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The Best New Jazz Of 2010 (So Far)

Let's just go ahead, call 2010 the year robots took over jazz and welcome our new jazz robot overlords. Skynet — er, the jazz-bots — became self-aware in late 2009 with an improvising vibes-bot named Shimon, and now Pat Metheny has an entire robotic army at his command. Are we doomed?

We are not doomed. While Metheny's Orchestrion is one of the most curious jazz records of 2010 so far, a number of non-robot sides have caught the ears of our regular Take Five contributors from WBGO, Jazz24 and WDUQ; you can hear a few of them below.

What's your favorite new jazz album in 2010 so far? Tell us in the comments below.

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The Best New Jazz Of 2010 (So Far)

Pat Metheny

On Orchestrion, Pat Metheny designed a way to put dozens of sensor-controlled acoustic instruments at his fingertips. The compositions, musical arrangements and overall production of this disc are reminiscent of a Pat Metheny Group recording, but the reality is that this is solo Metheny all the way; he makes every instrument an extension of his guitar skills, technical knowledge and sheer artistic willpower. If you think this sounds extraordinary, see the live performance sometime. He's reviving the tour this fall on the East Coast. -- Nick Francis, Jazz24

For more information, visit Nonesuch.

Geri Allen

Any survey of jazz recordings in early 2010 ought to grapple with pianist Geri Allen, who's issued two stunning new releases prior to mid-June. One is the debut recording from Timeline, a sparkling new band which features a tap dancer; the other is Flying Toward the Sound, a remarkable solo recording. The title track is dedicated to pianist McCoy Tyner, whose signature percussive style is refracted toward introspection and beauty. There's a dense, dreamy lyricism to the whole thing; allow it to reveal itself, and it'll prove as satisfying as anything in Allen's catalog. -- Patrick Jarenwattananon, NPR Music's A Blog Supreme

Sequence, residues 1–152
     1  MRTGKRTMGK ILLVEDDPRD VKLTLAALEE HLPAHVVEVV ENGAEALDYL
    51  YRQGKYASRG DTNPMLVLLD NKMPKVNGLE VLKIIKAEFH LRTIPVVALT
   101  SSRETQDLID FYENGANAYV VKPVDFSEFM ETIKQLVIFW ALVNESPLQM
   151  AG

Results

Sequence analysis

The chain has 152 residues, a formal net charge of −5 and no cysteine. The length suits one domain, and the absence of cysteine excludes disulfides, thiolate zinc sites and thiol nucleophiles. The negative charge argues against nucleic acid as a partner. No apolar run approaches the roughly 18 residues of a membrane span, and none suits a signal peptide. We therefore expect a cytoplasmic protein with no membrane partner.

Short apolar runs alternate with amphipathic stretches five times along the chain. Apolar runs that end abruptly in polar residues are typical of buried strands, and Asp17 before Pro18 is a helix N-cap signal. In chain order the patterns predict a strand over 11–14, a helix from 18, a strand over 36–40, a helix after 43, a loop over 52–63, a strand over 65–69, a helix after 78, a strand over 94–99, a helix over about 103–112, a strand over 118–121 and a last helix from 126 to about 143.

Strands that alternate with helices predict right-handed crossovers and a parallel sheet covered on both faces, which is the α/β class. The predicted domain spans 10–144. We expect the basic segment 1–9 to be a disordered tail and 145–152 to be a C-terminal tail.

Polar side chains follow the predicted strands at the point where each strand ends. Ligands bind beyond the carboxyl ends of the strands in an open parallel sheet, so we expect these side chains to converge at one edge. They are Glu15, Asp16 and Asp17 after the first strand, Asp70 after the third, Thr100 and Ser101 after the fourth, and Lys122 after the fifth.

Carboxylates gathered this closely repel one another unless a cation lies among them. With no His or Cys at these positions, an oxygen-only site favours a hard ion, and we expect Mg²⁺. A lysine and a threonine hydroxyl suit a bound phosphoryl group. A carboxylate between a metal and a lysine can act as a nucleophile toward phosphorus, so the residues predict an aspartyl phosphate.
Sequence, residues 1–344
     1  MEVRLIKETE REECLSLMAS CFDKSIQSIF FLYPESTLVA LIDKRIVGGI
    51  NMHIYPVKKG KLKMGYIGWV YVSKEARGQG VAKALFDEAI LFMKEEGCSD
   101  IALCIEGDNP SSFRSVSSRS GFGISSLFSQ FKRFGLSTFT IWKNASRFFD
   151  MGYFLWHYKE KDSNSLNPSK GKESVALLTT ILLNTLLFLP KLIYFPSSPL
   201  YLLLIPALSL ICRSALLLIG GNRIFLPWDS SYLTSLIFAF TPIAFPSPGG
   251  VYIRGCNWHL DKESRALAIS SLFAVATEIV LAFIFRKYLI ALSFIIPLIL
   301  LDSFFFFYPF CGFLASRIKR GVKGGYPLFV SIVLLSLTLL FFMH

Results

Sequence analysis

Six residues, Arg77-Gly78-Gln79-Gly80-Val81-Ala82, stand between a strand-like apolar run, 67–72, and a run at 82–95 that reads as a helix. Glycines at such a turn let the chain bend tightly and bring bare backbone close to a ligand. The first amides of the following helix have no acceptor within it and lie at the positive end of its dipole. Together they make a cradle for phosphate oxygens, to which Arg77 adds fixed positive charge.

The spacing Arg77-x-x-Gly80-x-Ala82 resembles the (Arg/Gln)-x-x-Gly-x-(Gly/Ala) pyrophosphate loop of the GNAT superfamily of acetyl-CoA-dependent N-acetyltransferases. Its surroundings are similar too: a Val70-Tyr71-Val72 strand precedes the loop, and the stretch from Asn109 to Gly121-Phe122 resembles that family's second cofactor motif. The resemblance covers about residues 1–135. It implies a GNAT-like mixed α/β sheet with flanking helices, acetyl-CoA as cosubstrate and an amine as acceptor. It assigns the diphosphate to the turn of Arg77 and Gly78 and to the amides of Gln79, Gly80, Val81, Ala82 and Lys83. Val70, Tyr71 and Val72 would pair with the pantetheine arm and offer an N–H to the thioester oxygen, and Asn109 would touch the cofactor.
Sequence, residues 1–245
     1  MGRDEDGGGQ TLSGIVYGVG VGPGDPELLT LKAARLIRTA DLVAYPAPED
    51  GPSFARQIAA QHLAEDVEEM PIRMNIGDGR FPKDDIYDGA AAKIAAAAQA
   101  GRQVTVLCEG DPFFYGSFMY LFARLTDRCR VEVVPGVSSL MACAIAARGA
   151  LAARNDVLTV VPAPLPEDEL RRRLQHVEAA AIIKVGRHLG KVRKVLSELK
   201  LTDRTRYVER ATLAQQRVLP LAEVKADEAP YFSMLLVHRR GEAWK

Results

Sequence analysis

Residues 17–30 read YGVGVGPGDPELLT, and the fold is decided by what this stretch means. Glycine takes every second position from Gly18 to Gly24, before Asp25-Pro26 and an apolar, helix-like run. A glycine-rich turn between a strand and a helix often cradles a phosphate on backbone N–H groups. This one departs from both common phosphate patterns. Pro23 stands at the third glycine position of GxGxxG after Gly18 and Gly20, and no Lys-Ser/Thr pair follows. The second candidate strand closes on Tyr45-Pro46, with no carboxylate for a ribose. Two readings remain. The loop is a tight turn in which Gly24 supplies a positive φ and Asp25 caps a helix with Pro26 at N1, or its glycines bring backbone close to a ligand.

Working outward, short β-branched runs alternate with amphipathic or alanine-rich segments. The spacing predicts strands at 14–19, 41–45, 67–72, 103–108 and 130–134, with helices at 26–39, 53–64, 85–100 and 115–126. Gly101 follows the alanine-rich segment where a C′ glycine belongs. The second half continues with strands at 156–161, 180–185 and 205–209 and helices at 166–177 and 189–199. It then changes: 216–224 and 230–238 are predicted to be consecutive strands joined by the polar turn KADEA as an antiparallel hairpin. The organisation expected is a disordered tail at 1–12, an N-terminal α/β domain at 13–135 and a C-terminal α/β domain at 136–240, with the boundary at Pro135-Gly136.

Brad Mehldau

Highway Rider is a departure from the quartet and trio recordings Brad Mehldau has released most recently. There are no standards and no jazz takes on pop music (though this song is dedicated to the late singer-songwriter Elliott Smith). With producer Jon Brion lending a hand, Mehldau has put forth a double album of entirely original music that shows how much he's grown as a composer, and not just a renowned pianist. A chamber orchestra appears on some songs, which and are absolutely integral and not layered for effect. Other compositions are for a quartet. Saxophonist Joshua Redman is prominently featured, too, in an auditory journey worth taking. -- Shaunna Morrison Machosky, WDUQ

For more information, visit Nonesuch.

Kris Davis, Ingrid Laubrock, Tyshawn Sorey

It's almost a chore to keep up with the prolific Clean Feed. The Portuguese record label regularly releases albums in batches of 10, features a simple design aesthetic that both alludes to and looks past classic Blue Note covers, and mixes up the roster with well-knowns as well as obscure jazz musicians (often from the label's native Lisbon). The draw for me on Paradoxical Frog was drummer Tyshawn Sorey, whose quiet Morton Feldman-like compositions are like raindrops falling into oblong ponds. But the discovery here is his two fellow players, pianist Kris Davis and tenor saxophonist Ingrid Laubrock. All three share a similar approach to abstract jazz composition and execution: loose and unfolding like a flowering tea, yet full of unexpected color. -- Lars Gotrich, NPR Music

Stephan Crump & The Rosetta Trio

Bassist Stephan Crump, a member of the critically acclaimed Vijay Iyer Trio, released Reclamation this year. It's the second recording of his chamber-jazz ensemble, Rosetta Trio, an all-string band of bass and two guitars. They play Crump's original music, and they do it well. Rosetta Trio comes on like a quiet power trio, one that presents melodic material with aural elegance and no artifice. In "Memphis," we hear Crump's ode to his hometown, dipped in a country batter, deep fried with intellect and set to a leisurely pace by three New Yorkers. There's beauty in "Memphis," from its gently lilting melody to the fact that Stephan Crump and Rosetta Trio deliver it with an undercurrent as strong as the Mississippi. --Josh Jackson, WBGO's The Checkout